We often regard relief as the dissipation of pain, discomfort or stress. However, the specific emotion associated with the sense of relief really isn’t fully understood. It is for this reason a team of researchers from the Association for Psychological Science undertook a study in which they aimed to explore and understand more fully the psychological mechanisms at work responsible for providing us with the idea of relief.
To experts in the field, the term for relief after the removal of pain is called the pain offset relief.
The team states their research recognizes the concept of relief, and the mechanisms behind it, are nearly identical for both healthy individuals and those with a history of self-harm. They claim the identical nature of pain offset relief in both of these groups suggests it is a natural mechanism useful in regulating our emotions. Prior to the laboratory portion of the experiment, the researchers assessed participants for emotion dysregulation and reactivity, self-injurious behavior, and various psychiatric disorders.
When an individual is experiencing the sensation of pain or discomfort, the likelihood they will experience a negative emotion is significantly increased. The team wanted to learn specifically if pain offset relief led to more positive emotions being experienced or if it only aided in alleviation of negative emotions.
Lead author Joseph Franklin, along with his colleagues working on the study, employed the use of electrodes intended to measure the participants’ negative emotions and positive emotions when the participants were subjected to loud noises. The loud noise was sometimes presented on its own. At other times, the participants would have received a low- or high-intensity shock at either a 3.5, 6 or 14 second interval preceding the loud noise.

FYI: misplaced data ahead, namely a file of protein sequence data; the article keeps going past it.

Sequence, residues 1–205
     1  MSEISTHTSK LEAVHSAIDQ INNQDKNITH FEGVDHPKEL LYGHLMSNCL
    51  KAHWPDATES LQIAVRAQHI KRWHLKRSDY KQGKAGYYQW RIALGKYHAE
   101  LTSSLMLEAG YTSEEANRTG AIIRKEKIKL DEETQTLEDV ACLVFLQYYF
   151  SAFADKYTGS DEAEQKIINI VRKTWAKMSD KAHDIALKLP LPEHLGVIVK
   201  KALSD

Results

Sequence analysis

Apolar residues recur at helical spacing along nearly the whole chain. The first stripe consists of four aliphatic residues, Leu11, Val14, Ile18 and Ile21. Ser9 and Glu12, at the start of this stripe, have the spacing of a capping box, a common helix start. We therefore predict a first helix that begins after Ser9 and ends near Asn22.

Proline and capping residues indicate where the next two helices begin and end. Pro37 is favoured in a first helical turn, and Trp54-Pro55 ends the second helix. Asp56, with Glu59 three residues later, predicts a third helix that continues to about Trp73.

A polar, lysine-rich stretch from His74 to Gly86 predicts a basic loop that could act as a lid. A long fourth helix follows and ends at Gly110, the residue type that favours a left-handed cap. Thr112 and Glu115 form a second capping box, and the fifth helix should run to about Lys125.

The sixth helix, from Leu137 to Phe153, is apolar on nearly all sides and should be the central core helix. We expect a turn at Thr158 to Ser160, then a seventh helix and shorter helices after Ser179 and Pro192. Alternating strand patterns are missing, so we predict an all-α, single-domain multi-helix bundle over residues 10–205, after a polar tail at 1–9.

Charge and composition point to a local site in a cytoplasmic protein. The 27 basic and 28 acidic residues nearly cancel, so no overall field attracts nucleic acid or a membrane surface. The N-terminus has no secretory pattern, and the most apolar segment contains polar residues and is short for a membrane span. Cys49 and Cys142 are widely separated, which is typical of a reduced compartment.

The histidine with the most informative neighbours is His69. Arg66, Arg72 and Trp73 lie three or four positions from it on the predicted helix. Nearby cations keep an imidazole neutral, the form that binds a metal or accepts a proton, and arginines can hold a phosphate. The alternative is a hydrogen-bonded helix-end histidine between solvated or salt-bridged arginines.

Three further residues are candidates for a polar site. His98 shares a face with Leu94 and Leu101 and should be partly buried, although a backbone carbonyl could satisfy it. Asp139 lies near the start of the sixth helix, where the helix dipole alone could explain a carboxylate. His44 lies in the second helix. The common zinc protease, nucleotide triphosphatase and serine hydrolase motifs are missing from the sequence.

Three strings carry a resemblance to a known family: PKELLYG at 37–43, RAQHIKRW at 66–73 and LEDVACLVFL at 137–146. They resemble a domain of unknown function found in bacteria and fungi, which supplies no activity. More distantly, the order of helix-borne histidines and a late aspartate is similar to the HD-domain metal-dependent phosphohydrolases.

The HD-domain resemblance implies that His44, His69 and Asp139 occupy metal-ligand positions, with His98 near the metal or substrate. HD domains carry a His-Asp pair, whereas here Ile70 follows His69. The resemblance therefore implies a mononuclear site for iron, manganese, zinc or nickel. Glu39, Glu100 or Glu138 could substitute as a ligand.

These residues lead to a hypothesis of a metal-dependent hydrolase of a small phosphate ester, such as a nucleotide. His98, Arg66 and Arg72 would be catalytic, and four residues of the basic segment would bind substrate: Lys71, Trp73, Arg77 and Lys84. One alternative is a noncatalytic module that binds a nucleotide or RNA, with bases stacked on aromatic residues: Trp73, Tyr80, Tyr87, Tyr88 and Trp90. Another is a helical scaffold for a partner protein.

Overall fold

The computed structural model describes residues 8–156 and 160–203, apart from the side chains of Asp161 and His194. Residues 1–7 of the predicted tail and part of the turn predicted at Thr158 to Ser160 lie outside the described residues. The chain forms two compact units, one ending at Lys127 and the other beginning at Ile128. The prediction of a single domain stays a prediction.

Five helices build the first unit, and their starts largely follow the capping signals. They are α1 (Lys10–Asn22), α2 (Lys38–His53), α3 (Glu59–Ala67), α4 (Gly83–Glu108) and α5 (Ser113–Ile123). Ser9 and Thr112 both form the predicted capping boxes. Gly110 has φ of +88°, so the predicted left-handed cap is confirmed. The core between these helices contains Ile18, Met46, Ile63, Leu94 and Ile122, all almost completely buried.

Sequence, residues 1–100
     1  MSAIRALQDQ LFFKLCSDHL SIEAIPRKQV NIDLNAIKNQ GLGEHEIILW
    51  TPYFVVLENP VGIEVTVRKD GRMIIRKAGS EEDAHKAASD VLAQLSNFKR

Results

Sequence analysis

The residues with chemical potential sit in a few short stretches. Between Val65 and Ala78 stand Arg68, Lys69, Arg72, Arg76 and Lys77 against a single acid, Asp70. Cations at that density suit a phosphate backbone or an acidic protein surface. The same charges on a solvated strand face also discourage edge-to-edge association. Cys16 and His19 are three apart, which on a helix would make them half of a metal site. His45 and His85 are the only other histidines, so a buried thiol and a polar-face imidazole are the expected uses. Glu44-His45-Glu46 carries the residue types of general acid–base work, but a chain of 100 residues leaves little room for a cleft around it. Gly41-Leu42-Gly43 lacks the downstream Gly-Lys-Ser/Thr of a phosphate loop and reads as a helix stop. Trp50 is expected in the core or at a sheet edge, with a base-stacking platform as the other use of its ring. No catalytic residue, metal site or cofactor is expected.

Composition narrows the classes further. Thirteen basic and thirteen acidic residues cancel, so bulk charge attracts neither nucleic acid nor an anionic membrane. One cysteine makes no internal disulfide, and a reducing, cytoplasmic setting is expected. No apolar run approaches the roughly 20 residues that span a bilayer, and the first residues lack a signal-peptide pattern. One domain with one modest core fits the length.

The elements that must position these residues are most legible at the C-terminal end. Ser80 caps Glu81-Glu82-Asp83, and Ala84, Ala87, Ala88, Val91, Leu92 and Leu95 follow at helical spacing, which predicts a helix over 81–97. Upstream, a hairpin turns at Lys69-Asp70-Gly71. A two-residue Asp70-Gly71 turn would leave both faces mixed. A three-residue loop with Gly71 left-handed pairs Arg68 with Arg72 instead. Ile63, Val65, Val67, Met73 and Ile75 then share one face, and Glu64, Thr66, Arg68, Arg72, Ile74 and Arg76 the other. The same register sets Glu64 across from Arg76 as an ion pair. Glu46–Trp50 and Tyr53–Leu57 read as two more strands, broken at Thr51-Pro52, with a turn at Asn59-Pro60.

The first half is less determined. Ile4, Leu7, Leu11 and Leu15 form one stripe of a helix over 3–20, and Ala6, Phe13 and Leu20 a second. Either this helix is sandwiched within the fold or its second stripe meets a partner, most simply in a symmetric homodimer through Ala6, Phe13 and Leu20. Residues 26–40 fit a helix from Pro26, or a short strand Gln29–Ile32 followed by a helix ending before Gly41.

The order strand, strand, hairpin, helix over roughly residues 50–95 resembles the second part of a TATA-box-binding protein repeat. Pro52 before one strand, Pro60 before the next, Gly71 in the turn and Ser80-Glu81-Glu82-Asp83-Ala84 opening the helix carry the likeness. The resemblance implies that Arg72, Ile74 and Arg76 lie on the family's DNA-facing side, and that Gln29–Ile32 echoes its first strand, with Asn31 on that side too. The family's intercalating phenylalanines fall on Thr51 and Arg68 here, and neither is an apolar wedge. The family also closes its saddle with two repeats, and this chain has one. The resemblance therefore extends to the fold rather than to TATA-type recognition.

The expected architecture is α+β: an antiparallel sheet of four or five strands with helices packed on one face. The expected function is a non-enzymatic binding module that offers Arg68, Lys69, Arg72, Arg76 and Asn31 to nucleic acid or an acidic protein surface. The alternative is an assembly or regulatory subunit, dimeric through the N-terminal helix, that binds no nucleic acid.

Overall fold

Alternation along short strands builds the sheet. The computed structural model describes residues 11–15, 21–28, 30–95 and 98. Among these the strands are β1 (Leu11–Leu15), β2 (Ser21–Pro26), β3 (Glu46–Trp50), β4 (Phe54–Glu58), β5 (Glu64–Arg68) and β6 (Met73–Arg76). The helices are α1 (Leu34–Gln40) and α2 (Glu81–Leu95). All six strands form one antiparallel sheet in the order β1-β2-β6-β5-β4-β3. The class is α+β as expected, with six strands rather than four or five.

Participants in the study showed an increase in positive emotion in combination with decreased negative emotion after pain offset. They learned the greatest increase in positive emotion occurred almost simultaneously with the culmination of the high-intensity shocks. Alternately, the greatest decrease in negative emotion was associated with the culmination of a low-intensity shock.
The team has published their findings, which they claim will shed light on the emotional nature of pain offset relief, in the journal Psychological Science, as well as the journal Clinical Psychological Science. Additionally, they feel their study might be useful in gaining a better understanding into why some people would seek the sensation of relief by engaging in self-harm behaviors.
It is important to note the results of this study do not support the hypothesis that heightened pain offset relief is a risk factor for engaging in self-harm behaviors. In fact, the team speculates the biggest risk factors for nonsuicidal self-injury may concern how some people overcome the instinctive barriers that keep most people from inflicting self-harm.